It Ain't Tosh, it's Santosh

I know I’m bombarding you with posts at the moment but the brain is very fertile right now and who am I to resist? So as a companion piece or riposte, if you will, to the last post here is a tried-and-tested method of dealing with perfectionism, called Santosh.

It’s a Sanskrit word meaning ‘contentment’ (the very sound of it is comforting, and that’s no coincidence, as I’ll explain) but not the lying-on-the-sofa-watching-TV kind of contentment, if indeed that is contentment at all. No, it’s the contentment that consists in being satisfied with what you’ve achieved, no matter where you might end up. To paraphrase Kipling, it’s meeting with triumph and disaster and treating those two impostors just the same (Kipling was born in India and was very influenced by ‘Eastern’ thought.) Anyway, leaving Kipling on one side for a moment, contentment or santosh is the practice of being content in the moment with what one has achieved. It does not imply self-satisfaction, nor does it prevent future progress; in fact I would suggest that without santosh there is no real progress.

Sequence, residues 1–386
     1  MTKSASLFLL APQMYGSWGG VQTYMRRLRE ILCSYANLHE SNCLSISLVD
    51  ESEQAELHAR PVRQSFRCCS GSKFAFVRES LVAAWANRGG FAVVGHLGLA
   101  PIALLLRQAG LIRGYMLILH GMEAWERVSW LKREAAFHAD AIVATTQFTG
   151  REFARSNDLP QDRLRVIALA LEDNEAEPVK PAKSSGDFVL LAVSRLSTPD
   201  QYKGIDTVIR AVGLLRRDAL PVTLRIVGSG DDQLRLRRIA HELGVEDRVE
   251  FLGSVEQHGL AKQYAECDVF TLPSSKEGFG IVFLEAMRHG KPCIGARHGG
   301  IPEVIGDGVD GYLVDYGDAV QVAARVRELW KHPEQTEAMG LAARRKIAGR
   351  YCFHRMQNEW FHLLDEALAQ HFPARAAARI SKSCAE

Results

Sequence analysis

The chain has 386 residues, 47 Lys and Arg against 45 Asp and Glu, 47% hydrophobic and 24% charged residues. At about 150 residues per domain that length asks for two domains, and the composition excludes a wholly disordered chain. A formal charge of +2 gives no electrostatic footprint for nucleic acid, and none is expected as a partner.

Consider the case of someone (I know wherof I speak) who is overweight and desires to be slim. Their life may be dominated by self-disgust and thoughts of how they would like to look. But far from being a spur to achievement this is an obstacle because acceptance is lacking. Unless you can accept where you are – however briefly – you can’t move on: it’s like trying to find your way somewhere by putting the wrong postcode into your satnav.

Sanskrit is an ancient and astonishing language, and one in which sound and sense work closely together. This can be seen more clearly in the practice of mantra where a word or phrase has a meaning, a sound and an appearance, each of which can be used for meditation.

T-t-t-t-t-that’s all folks!

I miss seeing cartoons on telly.

Kirk out

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